From the outside looking in, moving to a new country may seem to many as exciting and simple to do. While that may be true, moving to a new country can also be daunting and challenging for a number of reasons.
As an expat moving to a new country, coming to grips with a new culture, its traditions and societal norms is one thing, not to mention how challenging it can be to get the basics set up.
Take a Seat and Wait
One of the first things people try to do after arriving in their new home is opening a bank account. This also turns out to be one of the first challenges. To open a local bank account, first of all you need to take time out of your day to go to a physical bank branch. Figuring out what time of day is best to visit a bank is tricky. While you may try to do this during your lunch break, it is unlikely you´ll be able to do this is under an hour.
In Sweden, for example, bank branches are generally open Monday to Friday from 9:00 am to 3:00 pm. Many banks close during lunch time which is the time that would be most convenient for people who work. Opening a bank account after work or on the weekends, when it would be the most convenient, isn't likely an option either.
Once you've walked into a branch and told the service desk you'd like to open a bank account, you'll be told to take a seat until a banker becomes available. Depending on the time of day, the wait time can be over an hour.
What You Need To Open An Account
If you've tried opening a bank account as an expat, you know just how difficult (read: impossible!) it can be. In many cases, it feels like a catch-22 situation.
Firstly, you need a fixed address, which can be difficult if you've just landed. You will also need copies of bills with your name and address on it. Again, this can be hard since often you have to wait a month for your first bill.
You will need a residency ID permit for your new country, which can also take weeks or months to obtain, and which can only be obtained once you have your tax number.
You may need a copy of your employment contract, which can also be challenging when you're a recently landed expat.
While You Wait…
After weeks or months, if and when you finally have all the required documents, while you're sitting in the waiting area of your local bank, still waiting to see someone to open a simple bank account, chances are you’re on your phone checking your email or browsing Facebook.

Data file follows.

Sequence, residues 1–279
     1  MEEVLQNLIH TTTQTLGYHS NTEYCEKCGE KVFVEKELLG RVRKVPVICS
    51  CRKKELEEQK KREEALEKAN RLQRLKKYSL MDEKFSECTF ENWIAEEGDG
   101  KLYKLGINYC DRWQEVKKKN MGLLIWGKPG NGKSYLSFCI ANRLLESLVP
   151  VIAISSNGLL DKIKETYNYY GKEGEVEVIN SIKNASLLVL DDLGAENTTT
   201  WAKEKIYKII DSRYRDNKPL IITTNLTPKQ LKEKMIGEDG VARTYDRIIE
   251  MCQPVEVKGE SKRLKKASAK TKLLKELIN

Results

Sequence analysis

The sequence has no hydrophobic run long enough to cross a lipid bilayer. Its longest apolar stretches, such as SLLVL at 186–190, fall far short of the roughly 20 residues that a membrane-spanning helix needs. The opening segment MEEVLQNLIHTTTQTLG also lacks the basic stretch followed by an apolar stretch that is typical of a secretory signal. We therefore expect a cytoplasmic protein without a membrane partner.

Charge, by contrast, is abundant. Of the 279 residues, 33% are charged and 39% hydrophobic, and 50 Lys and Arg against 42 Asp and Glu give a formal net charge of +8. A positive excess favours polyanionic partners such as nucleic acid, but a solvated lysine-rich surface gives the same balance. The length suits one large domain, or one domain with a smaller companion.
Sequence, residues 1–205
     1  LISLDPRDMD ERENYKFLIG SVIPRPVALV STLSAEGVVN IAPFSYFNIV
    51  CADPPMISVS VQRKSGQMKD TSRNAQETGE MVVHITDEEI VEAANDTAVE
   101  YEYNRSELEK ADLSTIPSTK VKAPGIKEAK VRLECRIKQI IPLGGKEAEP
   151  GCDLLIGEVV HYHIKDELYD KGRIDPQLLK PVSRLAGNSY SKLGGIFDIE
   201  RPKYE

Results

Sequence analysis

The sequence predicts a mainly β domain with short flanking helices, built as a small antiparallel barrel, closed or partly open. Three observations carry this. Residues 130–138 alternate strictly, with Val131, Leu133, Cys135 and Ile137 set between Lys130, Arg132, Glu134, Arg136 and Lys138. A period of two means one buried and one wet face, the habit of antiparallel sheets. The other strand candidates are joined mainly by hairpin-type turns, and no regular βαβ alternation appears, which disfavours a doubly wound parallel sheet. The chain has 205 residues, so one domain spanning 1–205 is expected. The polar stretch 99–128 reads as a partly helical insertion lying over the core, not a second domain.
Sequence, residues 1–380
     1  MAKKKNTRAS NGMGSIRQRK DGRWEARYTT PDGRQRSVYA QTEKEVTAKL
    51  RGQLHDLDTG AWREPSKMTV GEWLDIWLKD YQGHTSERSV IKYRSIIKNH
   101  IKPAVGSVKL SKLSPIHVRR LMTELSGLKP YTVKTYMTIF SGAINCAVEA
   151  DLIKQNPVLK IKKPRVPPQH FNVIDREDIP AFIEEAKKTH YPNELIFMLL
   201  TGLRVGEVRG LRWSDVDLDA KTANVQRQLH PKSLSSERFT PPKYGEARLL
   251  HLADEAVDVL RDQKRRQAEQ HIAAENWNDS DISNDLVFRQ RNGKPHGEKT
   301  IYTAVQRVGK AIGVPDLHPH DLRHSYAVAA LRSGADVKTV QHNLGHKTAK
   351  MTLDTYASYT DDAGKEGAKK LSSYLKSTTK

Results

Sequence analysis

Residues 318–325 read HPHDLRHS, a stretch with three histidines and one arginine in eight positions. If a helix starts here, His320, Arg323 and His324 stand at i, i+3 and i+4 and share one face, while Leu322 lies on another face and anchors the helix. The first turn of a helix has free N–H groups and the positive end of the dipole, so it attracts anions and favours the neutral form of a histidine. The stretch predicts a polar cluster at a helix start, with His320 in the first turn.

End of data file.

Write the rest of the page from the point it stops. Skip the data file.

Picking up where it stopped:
Given that everything we do today we do with our smartphones, doesn't it make sense that you do your banking from your smartphone?
The Power Is In Your Hands
Expats, welcome to FerratumBank.
No more waiting in line, no more wasting time, no more paperwork - open a bank account right there on your phone…for free! Best yet, once you've opened a FerratumBank, you can do all your everyday banking from our mobile app, and while listening to Spotify, ordering an Uber, and checking your email.
Goodbye traditional banking.
Open a Bank Account in Just 8 Minutes!
At FerratumBank, we like easy. That's why we've made opening an account simple. You can open a bank account anywhere and any time of day in just eight minutes.
Simply visit www.ferratumbank.com or download the FerratumBank app from iTunes or GooglePlay. Select your language, click on ‘Create Account’. Next up, choose your country of residence, fill in your personal details, enter the temporary password sent to your mobile phone via SMS, and create a secure PIN.
Click open an account and you're ready for the verification process. The verification Click open an account, and you're ready for the verification process. The verification process can be done via a video call with customer service, or with a photo of your ID and selfie. Lastly, there are three security questions and after answering those questions, click ‘Confirm’, and you’re done!
It's that simple! Welcome to your new home expats!
Blog articles are not legal information and should not be seen as legal advice. You should consult our legal documents and list of price for specific information. For any questions, please contact our customer support at firstname.lastname@example.org